ICS/SCADA systems are currently a viable target in various industries that impact national level defenses and key sectors that could cripple a nation.  If a nation-state is planning for war one of the targets considered will be ICS/SCADA systems.

6.     Whatever works will be used.

In developing nation-state weapon systems, such as a naval aircraft carrier or airplane, wars fought years from now have to be planned for and taken into consideration.  Due to acquisition and approval processes as well as the advancement of technology it can take decades to field a new weapon system. 

Therefore, it is important to make the most advanced weapon system possible so that it can be useful until the next system can be developed and implemented.  In cyberspace this is not true.  Cyber weapons can be created much more quickly than the decade long process behind a traditional weapon system and thus only have to meet the requirements of the current mission. 

With the addition of more advanced payloads a cyber weapon system platform may also be used for multiple missions.  Stuxnet, although incredibly advanced in many aspects, was only as advanced as it needed to be to delay the Iranian nuclear program. 

The MS08-067 exploit used by Stuxnet, used previously in Conficker, was still viable against the Iranian systems and thus a new exploit was not needed.  Nation-states are not concerned with employing the most technologically advanced cyber weapon imaginable; the focus is on meeting mission requirements.

7.     Cyber weapons will be shaped to meet the threat landscape.

Similar to the idea that cyber weapons will meet mission requirements, cyber weapons will be developed based off of the current threat landscape in the world.  If a nation-state has an issue with a country developing a nuclear program then it will focus on exploiting the systems that operate the program. 

This seems very basic and obvious but it allows some insight into planning ahead for cyber weapons.  If there is increased tension between nation-states that rely heavily on aircraft or naval warships then there are most likely cyber weapons being developed against those systems. 

By looking at a nation-state’s strengths it is possible to determine what kind of cyber weapons would be created and employed to reduce that wartime advantage.  This creates a proactive process to developing defenses against these types of cyber weapons.

8.     Nation-states are becoming more open with the development of cyber weapons.

Various news stories have been published lately where national level leaders are discussing cyber weapons and capabilities that are being developed.  As nation-states discuss these types of cyber weapons more openly there will be a push for cyber deterrence that will result in more capabilities being displayed for the world to see. 

These variety of capabilities may have their desired result but depending on the way they are displayed may have unforeseen consequences, which is not inherently good or bad.  Stuxnet provided a framework for hackers and nation-states to develop their own malware based off of similar concepts. 

As other cyber weapons are showcased they may provide frameworks or innovation to push the technology forward.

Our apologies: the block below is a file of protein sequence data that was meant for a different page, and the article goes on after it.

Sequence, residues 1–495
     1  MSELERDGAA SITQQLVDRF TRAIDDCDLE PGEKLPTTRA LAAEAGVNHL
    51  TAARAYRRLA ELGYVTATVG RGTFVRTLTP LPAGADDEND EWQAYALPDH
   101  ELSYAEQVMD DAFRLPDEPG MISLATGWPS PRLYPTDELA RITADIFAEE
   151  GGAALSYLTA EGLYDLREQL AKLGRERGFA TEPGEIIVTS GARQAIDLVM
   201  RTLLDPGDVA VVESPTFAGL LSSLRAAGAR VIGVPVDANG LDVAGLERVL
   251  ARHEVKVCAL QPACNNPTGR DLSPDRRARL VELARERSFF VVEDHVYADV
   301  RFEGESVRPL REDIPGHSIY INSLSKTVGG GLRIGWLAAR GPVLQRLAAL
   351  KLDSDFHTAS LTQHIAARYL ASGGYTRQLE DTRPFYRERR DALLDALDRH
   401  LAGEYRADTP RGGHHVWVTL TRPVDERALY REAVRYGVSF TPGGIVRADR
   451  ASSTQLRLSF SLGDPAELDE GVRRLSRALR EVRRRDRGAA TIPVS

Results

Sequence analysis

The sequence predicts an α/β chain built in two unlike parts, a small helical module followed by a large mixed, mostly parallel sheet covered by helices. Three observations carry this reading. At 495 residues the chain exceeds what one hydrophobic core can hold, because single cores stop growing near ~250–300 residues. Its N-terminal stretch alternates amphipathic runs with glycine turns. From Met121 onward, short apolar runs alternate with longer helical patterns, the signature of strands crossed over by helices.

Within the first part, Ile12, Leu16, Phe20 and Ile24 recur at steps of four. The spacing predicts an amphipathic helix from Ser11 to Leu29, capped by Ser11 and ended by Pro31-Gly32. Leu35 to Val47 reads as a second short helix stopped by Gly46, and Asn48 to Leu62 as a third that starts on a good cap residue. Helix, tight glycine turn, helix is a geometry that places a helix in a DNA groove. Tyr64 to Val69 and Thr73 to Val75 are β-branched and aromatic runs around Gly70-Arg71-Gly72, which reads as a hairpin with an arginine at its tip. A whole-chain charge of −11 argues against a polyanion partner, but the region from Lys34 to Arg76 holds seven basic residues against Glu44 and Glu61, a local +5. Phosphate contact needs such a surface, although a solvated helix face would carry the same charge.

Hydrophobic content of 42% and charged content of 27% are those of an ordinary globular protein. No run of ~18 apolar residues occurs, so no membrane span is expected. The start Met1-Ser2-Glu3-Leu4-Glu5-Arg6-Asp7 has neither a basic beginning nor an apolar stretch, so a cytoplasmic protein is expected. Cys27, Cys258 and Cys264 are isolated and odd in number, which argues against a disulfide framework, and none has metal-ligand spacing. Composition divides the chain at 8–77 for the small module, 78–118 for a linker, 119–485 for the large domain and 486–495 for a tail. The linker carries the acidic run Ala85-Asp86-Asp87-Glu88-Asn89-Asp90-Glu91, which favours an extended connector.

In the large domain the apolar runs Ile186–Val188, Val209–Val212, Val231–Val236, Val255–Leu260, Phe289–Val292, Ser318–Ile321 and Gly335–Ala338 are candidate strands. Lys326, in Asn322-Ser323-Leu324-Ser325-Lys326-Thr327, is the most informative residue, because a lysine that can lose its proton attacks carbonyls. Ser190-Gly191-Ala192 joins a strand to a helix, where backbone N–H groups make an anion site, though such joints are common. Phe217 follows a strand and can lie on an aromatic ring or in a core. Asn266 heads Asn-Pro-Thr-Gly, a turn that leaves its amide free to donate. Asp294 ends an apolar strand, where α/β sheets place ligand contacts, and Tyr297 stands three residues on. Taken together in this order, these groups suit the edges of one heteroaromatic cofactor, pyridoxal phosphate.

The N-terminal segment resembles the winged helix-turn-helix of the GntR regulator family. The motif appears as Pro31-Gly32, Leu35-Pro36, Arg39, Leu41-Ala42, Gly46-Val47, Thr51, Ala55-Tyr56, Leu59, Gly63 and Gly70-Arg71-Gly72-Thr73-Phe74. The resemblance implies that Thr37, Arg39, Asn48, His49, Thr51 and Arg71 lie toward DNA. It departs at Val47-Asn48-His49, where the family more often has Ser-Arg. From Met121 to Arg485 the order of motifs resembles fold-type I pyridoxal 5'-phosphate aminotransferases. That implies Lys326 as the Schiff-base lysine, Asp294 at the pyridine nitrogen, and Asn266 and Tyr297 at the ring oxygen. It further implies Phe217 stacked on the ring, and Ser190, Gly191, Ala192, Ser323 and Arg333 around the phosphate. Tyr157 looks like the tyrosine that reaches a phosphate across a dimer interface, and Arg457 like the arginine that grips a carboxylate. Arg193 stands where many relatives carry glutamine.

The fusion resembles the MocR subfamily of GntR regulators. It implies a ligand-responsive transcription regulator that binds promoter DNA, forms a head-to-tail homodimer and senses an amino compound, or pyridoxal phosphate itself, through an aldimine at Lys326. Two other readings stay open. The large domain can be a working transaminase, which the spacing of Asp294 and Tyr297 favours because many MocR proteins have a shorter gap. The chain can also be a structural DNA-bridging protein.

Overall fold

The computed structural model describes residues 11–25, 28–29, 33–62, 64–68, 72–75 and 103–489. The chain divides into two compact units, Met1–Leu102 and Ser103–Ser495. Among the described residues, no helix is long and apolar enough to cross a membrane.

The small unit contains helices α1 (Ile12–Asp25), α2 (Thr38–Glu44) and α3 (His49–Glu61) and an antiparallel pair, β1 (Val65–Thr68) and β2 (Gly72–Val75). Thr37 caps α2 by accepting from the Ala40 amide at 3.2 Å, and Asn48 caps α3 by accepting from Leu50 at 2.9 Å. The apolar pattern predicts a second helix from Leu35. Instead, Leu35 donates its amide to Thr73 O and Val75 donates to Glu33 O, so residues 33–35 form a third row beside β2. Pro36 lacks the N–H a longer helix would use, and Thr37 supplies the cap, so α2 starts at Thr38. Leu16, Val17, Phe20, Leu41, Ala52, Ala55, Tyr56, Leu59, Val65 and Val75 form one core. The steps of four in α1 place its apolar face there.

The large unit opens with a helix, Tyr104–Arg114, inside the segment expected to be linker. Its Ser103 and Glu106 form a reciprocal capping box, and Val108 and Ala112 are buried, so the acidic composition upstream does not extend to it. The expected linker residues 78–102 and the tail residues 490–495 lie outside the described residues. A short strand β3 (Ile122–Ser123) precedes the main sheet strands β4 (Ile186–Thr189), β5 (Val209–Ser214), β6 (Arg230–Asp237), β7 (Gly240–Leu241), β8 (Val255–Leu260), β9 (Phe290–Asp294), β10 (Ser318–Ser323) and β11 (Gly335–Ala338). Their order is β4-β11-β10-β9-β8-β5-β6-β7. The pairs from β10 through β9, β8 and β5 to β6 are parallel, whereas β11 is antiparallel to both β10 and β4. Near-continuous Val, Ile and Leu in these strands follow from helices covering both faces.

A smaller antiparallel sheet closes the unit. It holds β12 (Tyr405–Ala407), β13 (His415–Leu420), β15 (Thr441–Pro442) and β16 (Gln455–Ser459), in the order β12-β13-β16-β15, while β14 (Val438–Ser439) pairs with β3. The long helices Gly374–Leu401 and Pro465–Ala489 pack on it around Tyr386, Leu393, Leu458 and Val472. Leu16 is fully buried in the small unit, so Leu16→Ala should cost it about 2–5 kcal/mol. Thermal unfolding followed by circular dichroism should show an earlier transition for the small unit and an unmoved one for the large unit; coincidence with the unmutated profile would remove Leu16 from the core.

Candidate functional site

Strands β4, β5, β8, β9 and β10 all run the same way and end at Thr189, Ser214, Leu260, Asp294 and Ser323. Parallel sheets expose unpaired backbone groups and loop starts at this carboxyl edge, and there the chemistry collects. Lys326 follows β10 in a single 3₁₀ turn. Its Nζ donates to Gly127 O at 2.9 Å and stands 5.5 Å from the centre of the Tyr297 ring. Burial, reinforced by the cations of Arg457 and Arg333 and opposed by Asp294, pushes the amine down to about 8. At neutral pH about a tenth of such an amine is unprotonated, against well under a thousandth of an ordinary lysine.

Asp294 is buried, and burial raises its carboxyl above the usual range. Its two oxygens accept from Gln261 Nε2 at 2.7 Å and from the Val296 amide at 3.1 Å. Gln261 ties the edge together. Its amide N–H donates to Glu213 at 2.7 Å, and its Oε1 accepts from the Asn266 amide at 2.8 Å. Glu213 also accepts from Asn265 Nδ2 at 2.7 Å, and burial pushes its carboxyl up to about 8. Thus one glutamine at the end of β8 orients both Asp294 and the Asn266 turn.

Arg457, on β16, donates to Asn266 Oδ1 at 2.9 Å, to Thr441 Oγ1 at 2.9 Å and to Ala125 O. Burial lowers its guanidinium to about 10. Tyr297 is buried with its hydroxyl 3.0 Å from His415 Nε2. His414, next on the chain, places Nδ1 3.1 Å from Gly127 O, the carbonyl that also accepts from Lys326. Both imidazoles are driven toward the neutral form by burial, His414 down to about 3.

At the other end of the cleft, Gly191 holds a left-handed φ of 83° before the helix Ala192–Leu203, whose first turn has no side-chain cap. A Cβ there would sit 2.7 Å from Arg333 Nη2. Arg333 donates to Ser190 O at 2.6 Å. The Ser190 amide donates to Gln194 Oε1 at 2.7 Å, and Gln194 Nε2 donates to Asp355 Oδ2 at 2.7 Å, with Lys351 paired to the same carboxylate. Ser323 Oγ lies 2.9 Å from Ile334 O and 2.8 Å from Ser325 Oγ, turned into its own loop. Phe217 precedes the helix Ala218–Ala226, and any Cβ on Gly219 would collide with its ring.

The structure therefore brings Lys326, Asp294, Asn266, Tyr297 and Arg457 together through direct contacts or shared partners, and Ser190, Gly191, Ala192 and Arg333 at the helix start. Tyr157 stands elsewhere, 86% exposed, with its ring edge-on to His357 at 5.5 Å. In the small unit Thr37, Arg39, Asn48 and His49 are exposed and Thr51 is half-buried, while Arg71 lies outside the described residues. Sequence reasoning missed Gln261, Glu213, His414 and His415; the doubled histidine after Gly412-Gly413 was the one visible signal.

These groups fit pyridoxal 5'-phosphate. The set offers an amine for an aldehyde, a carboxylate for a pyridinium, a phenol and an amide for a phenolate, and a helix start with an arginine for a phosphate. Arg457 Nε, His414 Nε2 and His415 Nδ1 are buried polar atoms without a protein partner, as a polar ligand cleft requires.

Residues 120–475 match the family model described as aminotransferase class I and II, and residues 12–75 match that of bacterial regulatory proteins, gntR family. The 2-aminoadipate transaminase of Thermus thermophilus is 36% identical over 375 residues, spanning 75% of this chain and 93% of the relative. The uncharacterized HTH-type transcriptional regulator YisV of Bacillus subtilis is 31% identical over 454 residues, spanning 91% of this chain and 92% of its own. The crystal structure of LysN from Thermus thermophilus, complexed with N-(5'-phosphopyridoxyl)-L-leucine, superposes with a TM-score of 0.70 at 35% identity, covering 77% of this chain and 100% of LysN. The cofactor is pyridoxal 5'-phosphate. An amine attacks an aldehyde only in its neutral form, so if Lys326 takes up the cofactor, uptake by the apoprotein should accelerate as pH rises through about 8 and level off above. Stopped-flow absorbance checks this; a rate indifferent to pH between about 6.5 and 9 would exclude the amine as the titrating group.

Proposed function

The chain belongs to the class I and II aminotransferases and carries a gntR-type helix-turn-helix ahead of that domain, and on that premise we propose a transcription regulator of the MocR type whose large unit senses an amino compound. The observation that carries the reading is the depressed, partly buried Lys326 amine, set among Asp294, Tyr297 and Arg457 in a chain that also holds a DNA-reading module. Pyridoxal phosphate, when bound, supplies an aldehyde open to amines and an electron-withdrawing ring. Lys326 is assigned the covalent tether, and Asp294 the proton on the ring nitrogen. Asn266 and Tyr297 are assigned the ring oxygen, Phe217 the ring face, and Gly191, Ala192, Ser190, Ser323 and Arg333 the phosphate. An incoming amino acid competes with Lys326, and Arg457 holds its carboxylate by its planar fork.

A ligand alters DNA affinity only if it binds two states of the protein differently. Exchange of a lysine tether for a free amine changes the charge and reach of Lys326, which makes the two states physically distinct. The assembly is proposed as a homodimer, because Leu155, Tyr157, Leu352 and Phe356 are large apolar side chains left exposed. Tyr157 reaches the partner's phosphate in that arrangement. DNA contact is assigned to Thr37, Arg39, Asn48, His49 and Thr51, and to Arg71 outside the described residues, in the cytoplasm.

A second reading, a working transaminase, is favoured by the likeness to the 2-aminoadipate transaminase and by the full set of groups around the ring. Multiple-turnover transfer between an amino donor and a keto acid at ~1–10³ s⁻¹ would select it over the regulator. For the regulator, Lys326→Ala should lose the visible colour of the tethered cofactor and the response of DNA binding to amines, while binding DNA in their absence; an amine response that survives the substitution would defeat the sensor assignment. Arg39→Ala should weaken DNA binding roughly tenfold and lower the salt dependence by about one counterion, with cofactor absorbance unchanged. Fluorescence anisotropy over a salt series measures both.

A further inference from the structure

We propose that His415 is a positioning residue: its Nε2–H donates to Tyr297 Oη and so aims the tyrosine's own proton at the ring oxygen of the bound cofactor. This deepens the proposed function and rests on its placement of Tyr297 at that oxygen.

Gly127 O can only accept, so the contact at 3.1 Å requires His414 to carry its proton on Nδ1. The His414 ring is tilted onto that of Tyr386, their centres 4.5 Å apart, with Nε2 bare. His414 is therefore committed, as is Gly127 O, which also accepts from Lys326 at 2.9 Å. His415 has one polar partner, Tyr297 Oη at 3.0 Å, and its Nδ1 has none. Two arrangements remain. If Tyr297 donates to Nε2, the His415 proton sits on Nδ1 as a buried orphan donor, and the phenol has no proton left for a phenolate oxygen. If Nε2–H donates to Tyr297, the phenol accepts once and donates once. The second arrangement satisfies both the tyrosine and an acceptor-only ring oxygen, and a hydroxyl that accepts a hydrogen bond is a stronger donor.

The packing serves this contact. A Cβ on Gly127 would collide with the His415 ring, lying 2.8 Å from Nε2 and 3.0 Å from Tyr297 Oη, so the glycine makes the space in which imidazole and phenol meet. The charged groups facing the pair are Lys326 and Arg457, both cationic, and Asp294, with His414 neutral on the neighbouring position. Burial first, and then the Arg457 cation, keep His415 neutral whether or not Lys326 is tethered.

9.     Cyber war is not as likely as war with cyber.

FUD gets used a lot to describe the approach that many individuals and companies take when it comes to the topic of cyber war.  There is the possibility for people to capitalize on the uncertainty that surrounds the topic of a cyber war and thus there is a cynical nature that surrounds some of the discussion. 

Cyber war is not a likely approach to warfare for any nation-state.  When airpower was being developed many early theorists believed that aircraft could and would be used to decisively win future wars without the aid of any other traditional forms of warfare.  However, no matter how powerful airpower became it was still only one tool of political and military power for nation-states. 

Cyber weapons and capabilities will follow this same pattern.  The capabilities in the cyberspace domain may provide options never before given to nation-state leaders and military commanders but no matter how powerful these capabilities become they will only represent one of many political and military tools. 

Future wars will be fought with cyber weapons and nation-states that do not use them effectively will be at a large disadvantage.  However, cyber weapons used in wartime will be accompanied, and empowered by, the use of traditional warfare capabilities.

10.  Attribution is the key to success.

Although some individuals feel confidently in applying attribution in regards to Stuxnet and Duqu, the fact remains that no nation-state has been 100% positively identified as having taken part in the development or employment of the Tilded platform. 

One of the most appealing reasons to use a cyber weapon is that lack of attribution.  If a nation-state was going to be positively identified in its use of a weapon system then it would not matter what weapon system was used as long as it achieved mission success. 

Currently, the lack of attribution allows nation-states additional options in how and when they will use cyber weapons and capabilities as well as against what targets.  The most effective way of combating the employment of cyber weapons outside of a wartime scenario is attribution. 

The development of reliable and real time attribution will be the ultimate key to limiting cyber warfare.

****Disclaimer****

Robert M. Lee is a Cyberspace Operations Officer in the United States Air Force; however this article and his views do not constitute an endorsement by or opinion of the US Government, Department of Defense, or Air Force.  These opinions and statements are entirely his own.